When my husband and I bought our home, our son had just turned two. As I stood on the patio with our young baby and watched my husband distribute fertilizer on the grass, I noticed the bag laying to the side. This fertilizer was nothing special, was just ordinary fertilizer that can be found at any local home and garden shop. It was chemically produced to ensure the correct combination for a “healthy lawn”. At the bottom of the bag, I noticed the enormous WARNING label. I am not naÃ?Â¯ve, I have always known that fertilizer was toxic and have been identified as possibly carcinogenic or thought to cause cancer in large doses with prolonged exposure. I just hadn’t really thought about it before. I looked back at my young son and made a fast decision. I stopped my husband and made the committment to my son, my family and my neighbors to use only organic methodis for our lawn. One of my son’s favorite activities was to crawl through the grass looking for those little black bugs that roll up in a ball and I couldn’t think of him crawling around among the harsh toxic chemicals applied through fertilizers. It was an easy decision, our son’s health over a perfect lawn.
Many believe that organic methods are too expensive or too difficult to fit into their busy lives. We are conditioned to believe if we must eliminate insects from our lawn and that our grass must be the right shade of green in order to have a healthy lawn. So we buy fertilizer to feed it, insecticide to kill bad bugs (and good bugs too, insecticides do not discriminate) and herbicides to kill weeds. We spend our weekends mowing and pouring chemical after chemical on the lawn in an effort to have the greenest grass in the neighborhood. Then our lawns become junkies. Literally, your lawn is a junkie. The chemicals have disrupted the natural balance of beneficial insects and microorganisms designed to kill the bad insects and microorganisms. Therefore it needs more chemicals to maintain a balance. In fact, since the application stays close to the surface, it promotes shorter root systems making grass more vulnerable and requiring more frequent watering. We strive for super green grass, which doesn’t even exist in nature and we turn our lawns into junkies.
But you can break the cycle. Organic lawn maintenance is creating a balance to allow your lawn to work for itself. Make no mistake, it will be difficult and takes a commitment to wean your lawn off of the chemicals it has come to crave. It can be done, but the lawn will not be pretty for at least one season. It will go through withdraws and parasitic insects will find the weak spots, coming in to destroy it. However, with patience, a little knowledge, and dedication to your health and the environment, you can have a beautiful, healthy organic lawn. After the initial period, organic methods do get easier and then you too can sit back and enjoy the beauty of your small ecosystem while your neighbors mow their grass and treat the diseases that come with disrupting the natural cycle.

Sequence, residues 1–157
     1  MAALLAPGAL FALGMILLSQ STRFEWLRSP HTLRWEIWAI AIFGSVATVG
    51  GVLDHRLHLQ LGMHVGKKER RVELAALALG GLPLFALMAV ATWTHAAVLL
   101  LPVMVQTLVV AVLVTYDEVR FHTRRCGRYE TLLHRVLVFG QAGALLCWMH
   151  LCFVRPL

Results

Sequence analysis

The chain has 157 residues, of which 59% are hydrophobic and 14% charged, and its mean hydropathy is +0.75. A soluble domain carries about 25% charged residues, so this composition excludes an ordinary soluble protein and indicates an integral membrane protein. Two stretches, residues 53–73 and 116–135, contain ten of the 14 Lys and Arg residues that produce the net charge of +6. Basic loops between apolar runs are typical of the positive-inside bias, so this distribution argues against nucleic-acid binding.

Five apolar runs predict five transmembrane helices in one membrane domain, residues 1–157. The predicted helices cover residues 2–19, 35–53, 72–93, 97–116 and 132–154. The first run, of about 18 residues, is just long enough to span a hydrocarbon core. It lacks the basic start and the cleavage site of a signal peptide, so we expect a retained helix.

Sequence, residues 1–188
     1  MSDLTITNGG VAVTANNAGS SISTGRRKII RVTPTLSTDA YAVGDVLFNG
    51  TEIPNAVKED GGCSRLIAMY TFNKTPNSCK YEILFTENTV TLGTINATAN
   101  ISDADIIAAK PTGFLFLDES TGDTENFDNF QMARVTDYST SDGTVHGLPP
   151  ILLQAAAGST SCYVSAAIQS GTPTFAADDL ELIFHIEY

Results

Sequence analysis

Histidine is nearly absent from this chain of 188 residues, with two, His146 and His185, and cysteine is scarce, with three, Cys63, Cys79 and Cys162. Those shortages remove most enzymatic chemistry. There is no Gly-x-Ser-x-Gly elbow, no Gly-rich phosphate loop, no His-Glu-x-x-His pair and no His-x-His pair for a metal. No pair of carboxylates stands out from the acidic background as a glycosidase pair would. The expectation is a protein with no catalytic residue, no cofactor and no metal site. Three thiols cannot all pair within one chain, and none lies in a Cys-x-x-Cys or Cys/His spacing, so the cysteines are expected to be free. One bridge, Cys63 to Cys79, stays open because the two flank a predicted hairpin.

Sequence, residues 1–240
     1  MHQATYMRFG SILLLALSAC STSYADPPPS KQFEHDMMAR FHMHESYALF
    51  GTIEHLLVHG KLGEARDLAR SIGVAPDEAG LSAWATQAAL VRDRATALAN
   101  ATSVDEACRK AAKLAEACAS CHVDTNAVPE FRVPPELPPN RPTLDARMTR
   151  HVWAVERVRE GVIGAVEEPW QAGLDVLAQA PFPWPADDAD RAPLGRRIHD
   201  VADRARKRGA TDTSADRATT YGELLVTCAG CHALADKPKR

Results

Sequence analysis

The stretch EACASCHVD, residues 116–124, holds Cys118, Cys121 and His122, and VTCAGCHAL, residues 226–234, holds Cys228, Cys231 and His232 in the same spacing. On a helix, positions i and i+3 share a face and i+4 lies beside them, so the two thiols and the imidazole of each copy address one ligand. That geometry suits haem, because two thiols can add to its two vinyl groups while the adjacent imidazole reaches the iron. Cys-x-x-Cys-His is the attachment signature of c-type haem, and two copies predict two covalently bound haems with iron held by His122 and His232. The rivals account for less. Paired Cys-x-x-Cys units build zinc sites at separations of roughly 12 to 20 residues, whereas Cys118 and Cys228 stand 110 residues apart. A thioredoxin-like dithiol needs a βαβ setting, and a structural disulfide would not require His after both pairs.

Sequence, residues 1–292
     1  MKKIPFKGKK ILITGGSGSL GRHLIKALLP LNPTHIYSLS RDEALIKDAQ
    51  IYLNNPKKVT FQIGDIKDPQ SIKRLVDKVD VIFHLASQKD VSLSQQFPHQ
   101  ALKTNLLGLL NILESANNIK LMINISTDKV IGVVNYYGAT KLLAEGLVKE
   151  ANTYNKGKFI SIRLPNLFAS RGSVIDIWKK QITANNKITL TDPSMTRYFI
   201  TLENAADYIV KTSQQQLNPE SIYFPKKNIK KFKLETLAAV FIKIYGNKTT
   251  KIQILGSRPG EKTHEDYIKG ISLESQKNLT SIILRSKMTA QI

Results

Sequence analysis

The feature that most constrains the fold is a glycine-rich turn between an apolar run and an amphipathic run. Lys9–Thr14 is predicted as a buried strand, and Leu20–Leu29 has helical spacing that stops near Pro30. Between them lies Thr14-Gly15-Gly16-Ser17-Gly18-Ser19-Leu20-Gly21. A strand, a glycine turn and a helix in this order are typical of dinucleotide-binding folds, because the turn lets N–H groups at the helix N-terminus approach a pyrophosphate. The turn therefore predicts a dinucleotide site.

First, take all of your chemicals to the local hazardous waste facility. It cannot be good for you to be walking on ground that is treated with something considered hazardous waste. You bring those chemicals back into your home on the bottoms of your shoes. Your children and pets play in that grass. Second, find a local source or internet source for purchasing organic lawn care products, including bulk organic soils, organic fertilizers such as manure and/or compost, and other items designed to assist in establishing and maintaining a healthy ecosystem. Bix box retailers such as Lowes and Home Depot are beginning to recognize the demand for organics and have begun carrying a line of organics that are readily available and reasonably priced. Third, take up large patches of grass to create native flower beds. This gives your yard texture, reduces water usage as, unlike thirsty grass, native plants rarely need water after they have been established, and native plants attract beneficial insects that keep the pests in check. Fourth, research and implement natural alternatives for problem areas. For example, plain white cider vinegar is an excellent weed killer. It doesn’t stay in the ground causing toxicity issues either. It is great to pour in the cracks of your sidewalk, driveways and paver patios to get rid of pesky weeds. Just make sure not to pour it where you want something to grow, without giving the area a few weeks to recover. Cinch bugs are a big problem in our area. They come in and create dead patches in the lawn by eating the grass roots. Cinch bugs can kill and entire yard in a few months. A natural alternative for cinch bugs (and other pests such as aphids) is applying a mixture of water, liquid dish soap, and Tabasco sauce sprayed out of a pressure sprayer on the problem areas. Baking soda makes an excellent fungicide for gardens and my tomato plants have never had to have more than a light soaking once a season to keep all fungus at bay.